Anyway, at my first regional convention, the outgoing Aleph Godol (I think that’s right) or president, was a particularly well-liked guy named Brian, I wanna say, Bloomfield. During his goodbye speech, there was not a dry eye in the room. Looking back now, we were all crying as if we were mourning a death. The kid was just going off to college! Anyway, during and after his speech, Eric Clapton’s “Tears in Heaven” was playing.
I cannot hear that song without thinking of that exact moment in time, and even getting a little emotional. We were in a hotel ballroom in Richfield, OH. The lights were dimmed, the seats were full, and the tears were flowing.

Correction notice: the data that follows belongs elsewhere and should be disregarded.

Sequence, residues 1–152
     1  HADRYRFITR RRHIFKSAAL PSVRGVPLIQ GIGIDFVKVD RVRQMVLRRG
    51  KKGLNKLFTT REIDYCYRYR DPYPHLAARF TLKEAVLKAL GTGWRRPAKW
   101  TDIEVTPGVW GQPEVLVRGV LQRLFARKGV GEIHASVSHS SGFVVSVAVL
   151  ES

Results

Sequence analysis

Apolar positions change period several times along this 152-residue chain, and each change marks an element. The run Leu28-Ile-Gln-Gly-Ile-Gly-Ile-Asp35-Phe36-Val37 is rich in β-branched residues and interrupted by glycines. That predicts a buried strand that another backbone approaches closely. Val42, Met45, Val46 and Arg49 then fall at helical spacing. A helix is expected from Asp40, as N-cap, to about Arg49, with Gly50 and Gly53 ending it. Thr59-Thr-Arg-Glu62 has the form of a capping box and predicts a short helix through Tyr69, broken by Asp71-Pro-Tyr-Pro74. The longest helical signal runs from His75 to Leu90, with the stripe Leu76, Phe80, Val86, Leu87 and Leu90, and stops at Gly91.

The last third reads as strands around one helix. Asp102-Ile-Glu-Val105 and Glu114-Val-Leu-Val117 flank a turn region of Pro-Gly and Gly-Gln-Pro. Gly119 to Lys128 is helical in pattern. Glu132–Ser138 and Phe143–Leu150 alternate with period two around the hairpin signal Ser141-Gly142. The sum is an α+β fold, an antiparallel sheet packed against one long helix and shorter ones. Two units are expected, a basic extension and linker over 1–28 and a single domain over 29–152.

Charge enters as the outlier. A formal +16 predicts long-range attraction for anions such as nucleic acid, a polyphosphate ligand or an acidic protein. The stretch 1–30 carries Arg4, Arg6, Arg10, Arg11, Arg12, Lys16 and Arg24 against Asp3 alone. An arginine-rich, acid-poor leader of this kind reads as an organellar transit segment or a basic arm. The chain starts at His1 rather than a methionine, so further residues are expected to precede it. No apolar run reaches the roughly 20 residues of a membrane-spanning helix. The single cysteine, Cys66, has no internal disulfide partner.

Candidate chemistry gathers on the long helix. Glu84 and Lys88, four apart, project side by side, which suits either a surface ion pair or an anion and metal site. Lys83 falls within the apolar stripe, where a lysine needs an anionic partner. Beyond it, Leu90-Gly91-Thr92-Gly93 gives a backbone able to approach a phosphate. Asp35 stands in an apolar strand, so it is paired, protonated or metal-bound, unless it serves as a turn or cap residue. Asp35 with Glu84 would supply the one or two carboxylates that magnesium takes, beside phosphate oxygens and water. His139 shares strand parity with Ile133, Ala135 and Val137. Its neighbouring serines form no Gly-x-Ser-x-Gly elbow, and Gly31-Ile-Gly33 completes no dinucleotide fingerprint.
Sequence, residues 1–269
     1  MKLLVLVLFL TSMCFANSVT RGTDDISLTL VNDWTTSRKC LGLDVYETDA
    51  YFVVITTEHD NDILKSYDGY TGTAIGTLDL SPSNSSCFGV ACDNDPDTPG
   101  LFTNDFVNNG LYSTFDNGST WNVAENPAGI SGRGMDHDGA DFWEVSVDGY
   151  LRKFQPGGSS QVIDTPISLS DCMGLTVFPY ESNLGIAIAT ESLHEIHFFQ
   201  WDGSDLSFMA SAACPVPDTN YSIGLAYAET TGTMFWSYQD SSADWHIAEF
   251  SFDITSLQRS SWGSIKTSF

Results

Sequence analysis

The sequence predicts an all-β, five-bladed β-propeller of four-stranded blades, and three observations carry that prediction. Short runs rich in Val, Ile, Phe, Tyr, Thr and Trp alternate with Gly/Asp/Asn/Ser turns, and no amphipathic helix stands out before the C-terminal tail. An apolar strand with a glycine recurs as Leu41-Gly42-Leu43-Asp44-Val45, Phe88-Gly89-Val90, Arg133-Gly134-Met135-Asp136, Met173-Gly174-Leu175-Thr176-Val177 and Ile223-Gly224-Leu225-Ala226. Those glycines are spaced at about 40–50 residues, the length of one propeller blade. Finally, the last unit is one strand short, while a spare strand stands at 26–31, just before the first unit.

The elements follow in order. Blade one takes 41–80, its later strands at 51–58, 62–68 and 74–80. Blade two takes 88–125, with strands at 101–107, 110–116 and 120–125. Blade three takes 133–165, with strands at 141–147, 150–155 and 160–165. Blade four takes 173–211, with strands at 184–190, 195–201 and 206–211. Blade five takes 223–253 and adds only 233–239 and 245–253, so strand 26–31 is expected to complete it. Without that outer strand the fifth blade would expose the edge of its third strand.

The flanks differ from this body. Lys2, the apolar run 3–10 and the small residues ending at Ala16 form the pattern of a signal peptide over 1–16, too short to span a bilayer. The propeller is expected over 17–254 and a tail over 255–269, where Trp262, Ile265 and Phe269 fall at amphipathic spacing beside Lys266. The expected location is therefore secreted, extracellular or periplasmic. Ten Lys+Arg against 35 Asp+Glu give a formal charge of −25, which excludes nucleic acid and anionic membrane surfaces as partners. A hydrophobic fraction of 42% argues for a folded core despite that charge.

One little plug I will give BBYO is that you form incredible bonds, share amazing experiences, and create memories that will last a lifetime.
While some songs bring about happy memories, others do quite the opposite. Maybe I am rewriting history, but a particular song seems to stand out from senior year. We were only about a week or two into our senior year, the year we would rule the school, when we heard news of a horrible accident. Three students from our school had been involved in a crash that killed two and temporarily paralyzed one. The two seniors that passed away were two of the nicest kids you could ever hope to meet.
For many of us, that was our first time dealing with the death of someone our own age. Again, maybe I am imagining it, but every time I hear Candle Box’s “Far Behind,” I think of Shawn Butler and Jason Galatis and two lives that were cut way too short.